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Recovery of Damages for Breach of A Construction Contract

Kentucky allows recovery of a variety of damages when there has been a breach of a construction contract or wrongful conduct within the context of a construction job. Actual and incidental contract damages are generally recoverable unless they are otherwise excluded in the contract. Oftentimes, construction contracts have liquidated damages clauses which state the precise dollar amount of damages that may be recovered in the event of a breach of the contract. Kentucky courts enforce liquidated damages clauses as long as they have some reasonable relation to the transaction.

Consequential damages are damages resulting from a party’s breach of contract that are not directly related to the breach of the contract itself. To be recoverable in Kentucky, such damages must have been a foreseeable consequence of the breach at the time the contract was entered. Such damages may include delay, lost profits, loss of bonding capacity, financial costs, and unabsorbed overhead. Generally, the courts will enforce reasonable contract clauses that waive the recovery of consequential damages.

The Kentucky Fairness in Construction Act (KFCA), adopted in 2007, contains exculpatory clauses regarding damages. The Act states that certain types of clauses in contracts are unenforceable, including no damages for delay clauses, which attempt to waive the right of a contractor or subcontractor to recovery costs, time or damages for delay, which are in control of the real owner of the property or the public facility. The Act applies to commercial properties, not residential properties and certain utilities. Therefore, delay and disruption damages may be recovered as consequential damages, unless too remote or if they violate the provisions of the KFCA.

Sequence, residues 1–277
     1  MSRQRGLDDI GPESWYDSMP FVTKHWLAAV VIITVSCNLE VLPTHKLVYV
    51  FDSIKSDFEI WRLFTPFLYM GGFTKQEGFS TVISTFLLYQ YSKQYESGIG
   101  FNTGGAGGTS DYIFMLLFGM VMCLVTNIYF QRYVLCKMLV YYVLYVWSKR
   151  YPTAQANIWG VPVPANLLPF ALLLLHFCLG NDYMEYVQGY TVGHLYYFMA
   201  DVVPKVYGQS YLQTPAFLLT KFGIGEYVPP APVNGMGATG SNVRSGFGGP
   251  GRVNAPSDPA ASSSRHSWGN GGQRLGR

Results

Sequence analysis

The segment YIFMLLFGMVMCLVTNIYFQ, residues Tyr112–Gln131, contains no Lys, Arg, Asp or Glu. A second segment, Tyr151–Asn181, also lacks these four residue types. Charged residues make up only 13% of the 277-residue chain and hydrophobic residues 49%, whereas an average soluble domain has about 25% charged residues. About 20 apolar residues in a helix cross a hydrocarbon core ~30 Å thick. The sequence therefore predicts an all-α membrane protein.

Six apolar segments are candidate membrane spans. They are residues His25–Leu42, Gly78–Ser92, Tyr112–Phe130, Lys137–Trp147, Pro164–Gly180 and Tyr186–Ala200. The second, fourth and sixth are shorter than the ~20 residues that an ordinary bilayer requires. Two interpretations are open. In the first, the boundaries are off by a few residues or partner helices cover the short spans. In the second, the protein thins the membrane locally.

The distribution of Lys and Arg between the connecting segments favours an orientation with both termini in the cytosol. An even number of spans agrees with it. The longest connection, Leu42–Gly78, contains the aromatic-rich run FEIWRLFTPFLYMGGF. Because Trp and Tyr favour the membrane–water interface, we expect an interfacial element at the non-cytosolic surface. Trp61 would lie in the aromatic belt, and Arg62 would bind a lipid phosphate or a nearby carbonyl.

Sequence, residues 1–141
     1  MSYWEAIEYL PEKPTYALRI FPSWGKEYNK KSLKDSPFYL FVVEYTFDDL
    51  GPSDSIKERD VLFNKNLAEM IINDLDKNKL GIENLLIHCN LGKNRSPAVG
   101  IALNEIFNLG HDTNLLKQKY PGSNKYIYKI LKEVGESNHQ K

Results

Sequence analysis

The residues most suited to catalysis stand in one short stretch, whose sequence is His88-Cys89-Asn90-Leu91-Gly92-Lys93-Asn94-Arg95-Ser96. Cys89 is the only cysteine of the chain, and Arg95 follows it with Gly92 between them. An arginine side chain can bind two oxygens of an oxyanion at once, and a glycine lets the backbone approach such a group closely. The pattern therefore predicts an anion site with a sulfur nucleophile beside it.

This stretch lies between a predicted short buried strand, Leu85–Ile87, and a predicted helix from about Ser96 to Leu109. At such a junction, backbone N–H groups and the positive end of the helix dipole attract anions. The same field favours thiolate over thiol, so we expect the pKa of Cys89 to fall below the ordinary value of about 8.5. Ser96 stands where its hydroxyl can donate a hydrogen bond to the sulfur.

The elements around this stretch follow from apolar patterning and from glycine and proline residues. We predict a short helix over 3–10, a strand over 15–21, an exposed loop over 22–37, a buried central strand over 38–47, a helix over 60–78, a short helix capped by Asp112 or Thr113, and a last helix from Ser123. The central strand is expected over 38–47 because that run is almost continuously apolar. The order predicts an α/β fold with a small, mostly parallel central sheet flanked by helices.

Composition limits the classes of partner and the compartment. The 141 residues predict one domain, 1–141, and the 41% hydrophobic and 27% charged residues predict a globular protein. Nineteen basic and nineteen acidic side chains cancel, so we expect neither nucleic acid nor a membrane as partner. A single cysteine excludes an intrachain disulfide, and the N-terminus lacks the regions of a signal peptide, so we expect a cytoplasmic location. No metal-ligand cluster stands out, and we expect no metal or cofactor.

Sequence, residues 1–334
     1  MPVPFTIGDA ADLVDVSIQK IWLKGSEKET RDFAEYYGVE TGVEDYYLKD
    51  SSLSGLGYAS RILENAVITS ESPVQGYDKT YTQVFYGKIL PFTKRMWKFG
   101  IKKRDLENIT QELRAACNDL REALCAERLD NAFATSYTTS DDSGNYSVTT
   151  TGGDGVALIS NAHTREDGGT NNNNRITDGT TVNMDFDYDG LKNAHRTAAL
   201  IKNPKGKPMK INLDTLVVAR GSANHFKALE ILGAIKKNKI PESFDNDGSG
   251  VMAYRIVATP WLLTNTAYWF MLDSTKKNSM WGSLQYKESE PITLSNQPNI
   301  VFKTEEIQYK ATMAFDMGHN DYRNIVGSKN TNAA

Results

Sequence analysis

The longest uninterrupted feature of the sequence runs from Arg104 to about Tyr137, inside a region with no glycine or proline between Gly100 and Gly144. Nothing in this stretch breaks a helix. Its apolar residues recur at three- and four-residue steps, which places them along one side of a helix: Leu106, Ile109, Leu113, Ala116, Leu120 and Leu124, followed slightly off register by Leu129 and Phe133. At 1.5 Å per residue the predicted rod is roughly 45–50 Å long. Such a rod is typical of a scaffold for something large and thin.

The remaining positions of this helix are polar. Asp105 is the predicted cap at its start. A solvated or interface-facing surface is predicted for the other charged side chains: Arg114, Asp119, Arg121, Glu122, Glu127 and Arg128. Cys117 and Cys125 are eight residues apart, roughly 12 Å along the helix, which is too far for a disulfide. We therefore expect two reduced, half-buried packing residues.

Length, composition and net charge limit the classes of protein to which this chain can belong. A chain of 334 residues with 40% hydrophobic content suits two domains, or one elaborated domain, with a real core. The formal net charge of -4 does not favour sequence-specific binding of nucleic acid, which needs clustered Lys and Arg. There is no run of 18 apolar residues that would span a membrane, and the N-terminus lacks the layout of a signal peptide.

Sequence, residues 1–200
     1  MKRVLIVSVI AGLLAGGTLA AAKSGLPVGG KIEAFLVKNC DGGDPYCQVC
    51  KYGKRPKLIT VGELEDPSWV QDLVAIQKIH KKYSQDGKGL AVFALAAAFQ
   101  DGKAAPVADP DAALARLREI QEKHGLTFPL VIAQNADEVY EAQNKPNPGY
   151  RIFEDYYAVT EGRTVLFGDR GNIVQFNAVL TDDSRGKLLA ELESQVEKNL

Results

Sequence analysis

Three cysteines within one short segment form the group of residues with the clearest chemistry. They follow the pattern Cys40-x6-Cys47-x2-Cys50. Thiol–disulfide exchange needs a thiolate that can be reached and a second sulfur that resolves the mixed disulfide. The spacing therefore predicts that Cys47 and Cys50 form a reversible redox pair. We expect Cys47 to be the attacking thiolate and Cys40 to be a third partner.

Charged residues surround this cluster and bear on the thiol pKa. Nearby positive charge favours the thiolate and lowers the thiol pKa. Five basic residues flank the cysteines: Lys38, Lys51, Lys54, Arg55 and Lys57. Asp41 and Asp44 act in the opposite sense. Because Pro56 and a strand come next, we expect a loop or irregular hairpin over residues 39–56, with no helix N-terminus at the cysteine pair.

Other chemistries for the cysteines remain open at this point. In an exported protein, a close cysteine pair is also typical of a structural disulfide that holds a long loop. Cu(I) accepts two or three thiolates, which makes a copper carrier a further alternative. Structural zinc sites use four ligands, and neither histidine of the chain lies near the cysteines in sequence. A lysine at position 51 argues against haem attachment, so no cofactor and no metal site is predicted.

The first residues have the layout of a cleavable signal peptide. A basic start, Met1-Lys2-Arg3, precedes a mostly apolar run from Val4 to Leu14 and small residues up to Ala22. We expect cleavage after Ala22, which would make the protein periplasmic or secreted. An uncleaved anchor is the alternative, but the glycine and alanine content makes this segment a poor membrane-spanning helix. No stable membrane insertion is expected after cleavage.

In addition, Kentucky has a statute, Ky. Rev. Stat. Ann. § 371.180, that provides “any provision contained in any construction services contract purporting to indemnify or hold harmless the contractor from the contractor’s own negligence or from the negligence of his or her agents, or employees is void and wholly unenforceable.”

Attorneys’ fees are not recoverable as damages unless provided for in statute (such as provided in Kentucky Building Code) or by the contract. The Kentucky Building Code is a unique and powerful statutory provision that requires payment of either the cost to repair to bring the property up to code compliance, payment of the diminution in fair market value of the property because of code infractions, plus a possible award of the cost of litigation, including attorneys’ fees. See Ky. Rev. Stat. Ann. § 198B.130.  

Kentucky allows statutory interest on pre-judgment amounts if those amounts are liquidated, and post-judgment interest at a statutory rate.

Kentucky will allow stigma damages only where there has been a “physical injury to the property.” Mercer v. Rockwell Int’l Corp., 24 F. Supp. 2d 735 (W.D. Ky. 1998).

Kentucky allows for the recovery of punitive damages if there is tortious wrongful conduct, which is malicious or wanton in nature. Punitive damages are not available for breach of contract.

The Kentucky Supreme Court has clarified that Kentucky follows the economic loss doctrine, stating that where there is only economic damage, and no personal injury, then contract principles rather than tort principles apply. Kentucky courts strongly favor arbitration clauses, and will resolve any ambiguity in a contract provision regarding arbitration in favor of arbitration. Kentucky has a statute for arbitration procedure, providing for very limited appeal of arbitration damage awards absent manifest injustice, or a clear accounting error. The actual procedure for arbitration is usually provided for in the contract, along with provisions as to recoverable damages.

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